|Title||Religion, spirituality and aging: A longitudinal study of mental and physical coping|
|Year of Publication||2012|
|University||The University of Utah|
|City||Salt Lake City, UT|
|Keywords||Adult children, Demographics, Health Conditions and Status|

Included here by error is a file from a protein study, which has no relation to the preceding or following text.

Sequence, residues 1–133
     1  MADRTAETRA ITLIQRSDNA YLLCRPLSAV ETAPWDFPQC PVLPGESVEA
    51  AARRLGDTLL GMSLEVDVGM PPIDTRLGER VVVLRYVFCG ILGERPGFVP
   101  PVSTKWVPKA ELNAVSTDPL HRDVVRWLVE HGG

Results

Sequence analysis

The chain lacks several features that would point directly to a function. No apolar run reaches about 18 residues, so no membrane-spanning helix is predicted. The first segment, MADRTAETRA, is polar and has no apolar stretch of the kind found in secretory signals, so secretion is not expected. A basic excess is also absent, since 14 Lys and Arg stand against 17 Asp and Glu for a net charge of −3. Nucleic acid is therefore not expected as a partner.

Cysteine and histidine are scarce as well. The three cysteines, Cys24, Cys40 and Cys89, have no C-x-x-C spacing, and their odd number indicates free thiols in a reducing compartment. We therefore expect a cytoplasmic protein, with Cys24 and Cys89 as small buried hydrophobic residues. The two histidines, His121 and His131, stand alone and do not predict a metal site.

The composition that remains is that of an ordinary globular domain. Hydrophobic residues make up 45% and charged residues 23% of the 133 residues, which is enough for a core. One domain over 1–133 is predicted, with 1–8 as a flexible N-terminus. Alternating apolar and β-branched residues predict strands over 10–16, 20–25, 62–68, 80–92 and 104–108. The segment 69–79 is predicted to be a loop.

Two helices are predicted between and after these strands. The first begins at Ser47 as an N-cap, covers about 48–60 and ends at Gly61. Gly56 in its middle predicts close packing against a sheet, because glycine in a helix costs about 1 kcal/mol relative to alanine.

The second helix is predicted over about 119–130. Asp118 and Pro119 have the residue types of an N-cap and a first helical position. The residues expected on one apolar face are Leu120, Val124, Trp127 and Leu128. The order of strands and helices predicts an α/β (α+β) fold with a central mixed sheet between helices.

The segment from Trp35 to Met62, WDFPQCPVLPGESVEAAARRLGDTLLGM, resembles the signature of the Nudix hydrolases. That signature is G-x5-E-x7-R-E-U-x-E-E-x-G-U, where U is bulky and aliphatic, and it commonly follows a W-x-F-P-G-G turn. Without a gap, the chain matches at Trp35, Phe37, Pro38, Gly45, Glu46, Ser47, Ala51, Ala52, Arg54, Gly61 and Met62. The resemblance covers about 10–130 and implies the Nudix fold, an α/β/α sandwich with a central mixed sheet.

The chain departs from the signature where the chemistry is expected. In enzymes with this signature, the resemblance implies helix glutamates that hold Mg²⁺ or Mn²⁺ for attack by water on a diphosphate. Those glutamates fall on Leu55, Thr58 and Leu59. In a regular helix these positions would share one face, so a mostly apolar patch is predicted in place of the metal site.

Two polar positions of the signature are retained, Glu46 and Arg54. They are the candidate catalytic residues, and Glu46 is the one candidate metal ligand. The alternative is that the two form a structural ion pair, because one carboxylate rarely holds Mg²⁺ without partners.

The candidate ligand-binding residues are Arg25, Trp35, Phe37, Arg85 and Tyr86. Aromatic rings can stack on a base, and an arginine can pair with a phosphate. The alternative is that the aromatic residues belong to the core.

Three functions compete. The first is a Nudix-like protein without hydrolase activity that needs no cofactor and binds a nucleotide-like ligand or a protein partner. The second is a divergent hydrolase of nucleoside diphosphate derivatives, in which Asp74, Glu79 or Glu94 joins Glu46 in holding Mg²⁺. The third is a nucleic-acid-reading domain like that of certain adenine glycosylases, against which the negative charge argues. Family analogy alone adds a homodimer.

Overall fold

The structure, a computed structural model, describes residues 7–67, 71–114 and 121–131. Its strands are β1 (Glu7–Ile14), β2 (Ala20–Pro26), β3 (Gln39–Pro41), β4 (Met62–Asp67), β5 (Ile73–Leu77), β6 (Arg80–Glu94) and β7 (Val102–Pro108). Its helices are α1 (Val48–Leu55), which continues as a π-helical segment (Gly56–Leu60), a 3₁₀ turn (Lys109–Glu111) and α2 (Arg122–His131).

A connection to the divine, God, or nature can be a source of comfort, guidance and insight, particularly during times of hardship or illness. This study draws together sociological theories on religion, aging and health to explore the ways in which religious and spiritual practices may impact the mental and physical aspects of old age. Analyzing data from the Health and Retirement Study (HRS) from 2000 to 2010, the effects of religious salience, prayer and meditation are investigated in terms of their impact on mental health and physical functioning. Additionally the study examines a sample of cancer survivors to determine if the effects of religion differ for this unique population. Results demonstrated a salutary effect of religious salience on mental health and coping with cancer, but a negative association with disability. Similarly, moderate prayer improved outcomes of depression and disability while daily prayer and meditation was associated with poorer outcomes. Theoretical explanations for these results are discussed with respect to policy implications and future research directions.
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